The way that consumers access content and use products continues to adapt, and nothing has increased in popularity more over the previous few years than smartphones, tablets and other mobile devices. Recent statistics show that mobile web visits currently make up between 30-40% of all page views on the web, so companies are having to strategically think about how they position their brands and offerings.
From a development perspective, this poses an interesting problem as reaching your audience can be accomplished through a few different means. With the rapid adoption of responsive design and native applications, most brands have eliminated their “mobile-only” or m.yourbrand.com sites, but many still have a single web presence that isn’t optimized at all for the mobile experience.
As a result, a common question that is arising when seeking to identify how to reach the mobile audience is whether to build a native app, a responsive website, or a mobile application. Let’s look at a few things to take into consideration when faced with this decision from a marketing perspective.
What Does My Target Audience Look Like?
Putting on our marketing hats, you will want to carefully research your audience and how each target market digests information and makes purchases. There are wide variations in how different demographics use mobile, and establishing your customer-base will be vital to making this decision.
A few key demographic areas to analyze include:
Once you have a solid profile of what your target market looks like, you can then back into a potential answer to your technology need. For example, if you are targeting an older demographic, you may think that these individuals are only shopping offline. However, according to Comscore, smartphone usage is booming in the older demographics.
“While total U.S. smartphone penetration is up 8 percentage points in the past year, three age groups increased their penetration by at least double digits – Teens Age 13-17 (up 10.0 points), 45-54 year olds (up 10.7 points), and those Age 65+ (up 11.6 points).”
If this is your market, then you will need to pay close attention to your mobile strategy in order to effectively penetrate this market.
What Products or Services Does Your Company Provide to Users?
Now that you have properly identified your target market, you will now want to consider the actual product or service that you would like to provide to the end user. The type of offering will play a huge part in your decision whether to go with a responsive website, a mobile app, or a native application.
For example, if you are an eCommerce company that has a large number or repeat users and a wide array of products, a mobile application would probably be the best fit. A few well-known companies that fit this bill are Amazon and Zappos, both of which have a very well put together mobile applications that are typically among the 20 most downloaded apps in their respective platforms.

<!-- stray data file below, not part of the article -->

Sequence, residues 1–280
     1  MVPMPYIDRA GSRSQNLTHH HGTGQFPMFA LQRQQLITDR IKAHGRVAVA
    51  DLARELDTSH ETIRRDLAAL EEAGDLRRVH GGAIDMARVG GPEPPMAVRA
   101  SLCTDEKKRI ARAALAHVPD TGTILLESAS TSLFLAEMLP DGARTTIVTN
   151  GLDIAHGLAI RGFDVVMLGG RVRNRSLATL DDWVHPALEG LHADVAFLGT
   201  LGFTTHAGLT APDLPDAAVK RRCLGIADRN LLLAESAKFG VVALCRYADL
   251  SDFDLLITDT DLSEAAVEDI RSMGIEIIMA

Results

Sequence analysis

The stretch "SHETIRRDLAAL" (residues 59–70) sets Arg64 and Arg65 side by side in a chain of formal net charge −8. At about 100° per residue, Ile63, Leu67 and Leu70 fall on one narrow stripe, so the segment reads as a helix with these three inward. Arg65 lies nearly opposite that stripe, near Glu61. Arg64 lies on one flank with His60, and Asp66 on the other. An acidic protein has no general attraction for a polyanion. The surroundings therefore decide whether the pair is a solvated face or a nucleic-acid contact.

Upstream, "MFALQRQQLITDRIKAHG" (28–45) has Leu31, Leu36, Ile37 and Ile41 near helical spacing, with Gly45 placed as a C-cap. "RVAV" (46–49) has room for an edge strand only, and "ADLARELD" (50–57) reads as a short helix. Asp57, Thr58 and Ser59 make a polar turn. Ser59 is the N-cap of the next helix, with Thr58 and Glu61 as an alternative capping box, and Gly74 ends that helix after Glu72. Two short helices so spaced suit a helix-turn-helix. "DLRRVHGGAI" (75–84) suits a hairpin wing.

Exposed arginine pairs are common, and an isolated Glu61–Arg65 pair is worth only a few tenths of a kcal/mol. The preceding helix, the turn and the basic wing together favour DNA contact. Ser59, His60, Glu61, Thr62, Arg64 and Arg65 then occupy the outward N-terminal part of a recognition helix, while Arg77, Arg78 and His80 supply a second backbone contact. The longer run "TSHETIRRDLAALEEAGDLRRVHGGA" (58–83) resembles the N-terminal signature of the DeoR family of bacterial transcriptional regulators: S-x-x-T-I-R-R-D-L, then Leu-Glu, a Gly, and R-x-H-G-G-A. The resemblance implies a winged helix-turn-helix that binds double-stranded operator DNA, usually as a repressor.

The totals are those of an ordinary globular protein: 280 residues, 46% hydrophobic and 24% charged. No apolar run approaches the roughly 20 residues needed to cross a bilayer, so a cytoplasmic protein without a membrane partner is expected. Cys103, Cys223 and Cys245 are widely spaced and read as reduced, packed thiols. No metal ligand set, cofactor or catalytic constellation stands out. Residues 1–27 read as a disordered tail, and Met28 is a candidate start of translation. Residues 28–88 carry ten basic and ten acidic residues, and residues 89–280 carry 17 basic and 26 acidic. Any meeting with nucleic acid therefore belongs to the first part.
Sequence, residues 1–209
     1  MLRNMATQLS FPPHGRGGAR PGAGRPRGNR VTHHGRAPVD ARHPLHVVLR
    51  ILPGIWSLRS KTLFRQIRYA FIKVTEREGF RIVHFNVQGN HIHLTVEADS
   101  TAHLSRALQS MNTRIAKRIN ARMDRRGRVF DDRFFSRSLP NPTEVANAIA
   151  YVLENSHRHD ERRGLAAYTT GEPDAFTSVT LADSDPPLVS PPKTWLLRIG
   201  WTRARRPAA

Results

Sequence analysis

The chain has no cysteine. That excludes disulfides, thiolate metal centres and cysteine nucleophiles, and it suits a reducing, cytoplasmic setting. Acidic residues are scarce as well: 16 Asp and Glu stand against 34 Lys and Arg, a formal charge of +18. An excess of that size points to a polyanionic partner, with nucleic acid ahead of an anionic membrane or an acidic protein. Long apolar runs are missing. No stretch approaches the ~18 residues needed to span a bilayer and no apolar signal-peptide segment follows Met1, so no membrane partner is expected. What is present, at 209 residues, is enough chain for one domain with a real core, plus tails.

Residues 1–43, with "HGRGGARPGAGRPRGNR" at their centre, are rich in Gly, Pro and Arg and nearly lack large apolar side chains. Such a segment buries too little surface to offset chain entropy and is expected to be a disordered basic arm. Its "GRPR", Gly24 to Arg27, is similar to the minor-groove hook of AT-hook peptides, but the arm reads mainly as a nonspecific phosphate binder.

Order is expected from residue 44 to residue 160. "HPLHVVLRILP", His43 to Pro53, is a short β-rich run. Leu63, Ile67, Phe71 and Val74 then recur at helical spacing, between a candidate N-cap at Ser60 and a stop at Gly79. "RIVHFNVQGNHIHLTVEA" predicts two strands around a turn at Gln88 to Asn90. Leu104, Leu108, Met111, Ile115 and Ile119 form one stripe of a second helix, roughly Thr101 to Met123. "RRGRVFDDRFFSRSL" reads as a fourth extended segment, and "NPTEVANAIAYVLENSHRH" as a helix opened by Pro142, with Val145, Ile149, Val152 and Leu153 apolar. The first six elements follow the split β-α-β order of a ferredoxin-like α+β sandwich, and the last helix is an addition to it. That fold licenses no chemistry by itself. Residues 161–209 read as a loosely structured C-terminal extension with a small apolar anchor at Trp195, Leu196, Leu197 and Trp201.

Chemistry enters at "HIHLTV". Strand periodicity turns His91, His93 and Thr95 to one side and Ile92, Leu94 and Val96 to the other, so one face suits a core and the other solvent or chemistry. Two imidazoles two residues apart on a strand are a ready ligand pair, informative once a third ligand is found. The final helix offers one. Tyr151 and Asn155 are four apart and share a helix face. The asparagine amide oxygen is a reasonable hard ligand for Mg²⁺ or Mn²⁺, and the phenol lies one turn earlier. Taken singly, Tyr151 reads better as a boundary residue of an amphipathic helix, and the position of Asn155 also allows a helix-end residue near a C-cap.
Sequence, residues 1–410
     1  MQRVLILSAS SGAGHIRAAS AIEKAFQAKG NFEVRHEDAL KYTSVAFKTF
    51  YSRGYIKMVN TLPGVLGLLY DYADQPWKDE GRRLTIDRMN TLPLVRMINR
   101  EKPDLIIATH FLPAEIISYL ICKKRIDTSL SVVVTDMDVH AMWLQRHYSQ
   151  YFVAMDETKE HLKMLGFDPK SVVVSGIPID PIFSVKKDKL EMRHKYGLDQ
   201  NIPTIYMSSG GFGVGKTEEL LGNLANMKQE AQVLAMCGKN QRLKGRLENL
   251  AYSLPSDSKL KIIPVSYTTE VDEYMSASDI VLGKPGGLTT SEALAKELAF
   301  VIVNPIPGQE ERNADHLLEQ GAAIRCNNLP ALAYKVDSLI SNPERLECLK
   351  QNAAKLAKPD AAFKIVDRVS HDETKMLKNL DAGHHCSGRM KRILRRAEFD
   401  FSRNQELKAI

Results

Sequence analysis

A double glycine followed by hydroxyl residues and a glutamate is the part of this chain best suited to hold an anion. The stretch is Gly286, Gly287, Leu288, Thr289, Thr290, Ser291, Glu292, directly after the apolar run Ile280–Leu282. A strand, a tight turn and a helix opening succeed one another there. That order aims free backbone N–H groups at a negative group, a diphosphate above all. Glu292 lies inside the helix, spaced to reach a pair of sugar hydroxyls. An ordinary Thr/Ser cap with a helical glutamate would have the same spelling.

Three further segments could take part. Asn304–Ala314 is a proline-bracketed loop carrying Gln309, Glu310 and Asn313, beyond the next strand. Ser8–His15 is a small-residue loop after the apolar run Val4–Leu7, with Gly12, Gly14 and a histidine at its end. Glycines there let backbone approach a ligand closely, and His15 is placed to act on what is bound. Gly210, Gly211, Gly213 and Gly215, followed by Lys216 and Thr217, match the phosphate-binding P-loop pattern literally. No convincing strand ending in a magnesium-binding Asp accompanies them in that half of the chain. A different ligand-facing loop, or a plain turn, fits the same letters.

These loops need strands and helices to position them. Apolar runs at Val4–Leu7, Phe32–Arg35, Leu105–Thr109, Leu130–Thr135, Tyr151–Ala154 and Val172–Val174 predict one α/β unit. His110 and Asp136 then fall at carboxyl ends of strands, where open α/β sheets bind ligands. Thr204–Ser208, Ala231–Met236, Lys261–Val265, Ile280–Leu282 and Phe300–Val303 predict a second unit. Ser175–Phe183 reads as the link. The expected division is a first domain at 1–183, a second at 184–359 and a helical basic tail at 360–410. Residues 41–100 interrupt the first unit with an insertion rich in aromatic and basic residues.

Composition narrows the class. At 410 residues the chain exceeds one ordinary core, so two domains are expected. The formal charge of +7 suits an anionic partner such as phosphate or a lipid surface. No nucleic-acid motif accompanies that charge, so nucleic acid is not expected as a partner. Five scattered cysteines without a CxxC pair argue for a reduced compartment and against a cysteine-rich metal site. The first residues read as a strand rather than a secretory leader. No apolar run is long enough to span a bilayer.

If you are using your website to provide a steady stream of content or video, and your end goal is to generate leads for your sales team, then a responsive website would probably be the best fit. It is typically easier to manage content on a responsive website as opposed to an application, and much of the inbound marketing activities go to landing pages. If a prospect had to download an application before they could research your company, your ROI would dramatically suffer.
There are a number of SaaS companies that are doing a great job of selling their product without needing to develop a mobile application. Moz, Kissmetrics and CrazyEgg are just a few of many examples of content-rich companies that are using this strategy and doing extremely well on a responsive site.
From a technical perspective, there are numerous items that may influence your decision on whether to go either the responsive site, native app, or mobile application route. These include:
- Regular Use & Personalization
If you have a large number of repeat visitors and would like to give individuals the ability to tailor their experience, then you may want to go the mobile application route.
- Native Functionality
There are many platforms where the ability to integrate certain features of the device may prove to be useful. Examples of these functionalities may include items such as GPS, the camera, and contact lists to name a few. Mobile applications offer these types of integrations much more easily.
Security is a big deal, especially when it comes to transactions on the web. There are exceptions, but mobile applications are generally considered to be safer for user’s information and privacy.
The monetization of an application, whether a cost-per-download, requiring a subscription for content or generating revenue through advertising can prove to be a deciding factor as well. These can provide a much-needed revenue stream, and the checkout process in the app store tends to be relatively seamless.
As you can see, the decision to build a mobile application, or invest in a responsive website or native app isn’t necessarily black and white. There are a number of factors that go into the decision, and ultimately will rely on a careful analysis of your target market, the products or services that you provide, as well as any technology or security concerns that you may have.
However, by taking the time to do the research on the front end will not only give you a clearer answer to this question, but will also allow you to provide your end-user with a better experience and ultimately increase your company’s bottom line.